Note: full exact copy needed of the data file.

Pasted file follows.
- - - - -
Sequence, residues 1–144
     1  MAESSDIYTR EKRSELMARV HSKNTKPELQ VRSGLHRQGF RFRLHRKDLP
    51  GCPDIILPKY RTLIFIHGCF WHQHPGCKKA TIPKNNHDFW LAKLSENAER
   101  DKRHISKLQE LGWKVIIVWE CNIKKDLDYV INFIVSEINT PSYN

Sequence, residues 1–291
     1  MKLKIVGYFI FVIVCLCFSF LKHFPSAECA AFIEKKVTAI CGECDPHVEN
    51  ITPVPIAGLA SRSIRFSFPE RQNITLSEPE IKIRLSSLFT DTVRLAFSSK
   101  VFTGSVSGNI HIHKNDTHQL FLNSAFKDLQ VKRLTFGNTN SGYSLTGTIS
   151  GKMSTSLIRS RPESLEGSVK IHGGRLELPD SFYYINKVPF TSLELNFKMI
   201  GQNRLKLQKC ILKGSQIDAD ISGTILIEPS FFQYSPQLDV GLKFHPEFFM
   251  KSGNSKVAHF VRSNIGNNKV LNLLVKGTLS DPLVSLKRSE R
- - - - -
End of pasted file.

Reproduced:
Sequence, residues 1–144
     1  MAESSDIYTR EKRSELMARV HSKNTKPELQ VRSGLHRQGF RFRLHRKDLP
    51  GCPDIILPKY RTLIFIHGCF WHQHPGCKKA TIPKNNHDFW LAKLSENAER
   101  DKRHISKLQE LGWKVIIVWE CNIKKDLDYV INFIVSEINT PSYN

Sequence, residues 1–291
     1  MKLKIVGYFI FVIVCLCFSF LKHFPSAECA AFIEKKVTAI CGECDPHVEN
    51  ITPVPIAGLA SRSIRFSFPE RQNITLSEPE IKIRLSSLFT DTVRLAFSSK
   101  VFTGSVSGNI HIHKNDTHQL FLNSAFKDLQ VKRLTFGNTN SGYSLTGTIS
   151  GKMSTSLIRS RPESLEGSVK IHGGRLELPD SFYYINKVPF TSLELNFKMI
   201  GQNRLKLQKC ILKGSQIDAD ISGTILIEPS FFQYSPQLDV GLKFHPEFFM
   251  KSGNSKVAHF VRSNIGNNKV LNLLVKGTLS DPLVSLKRSE R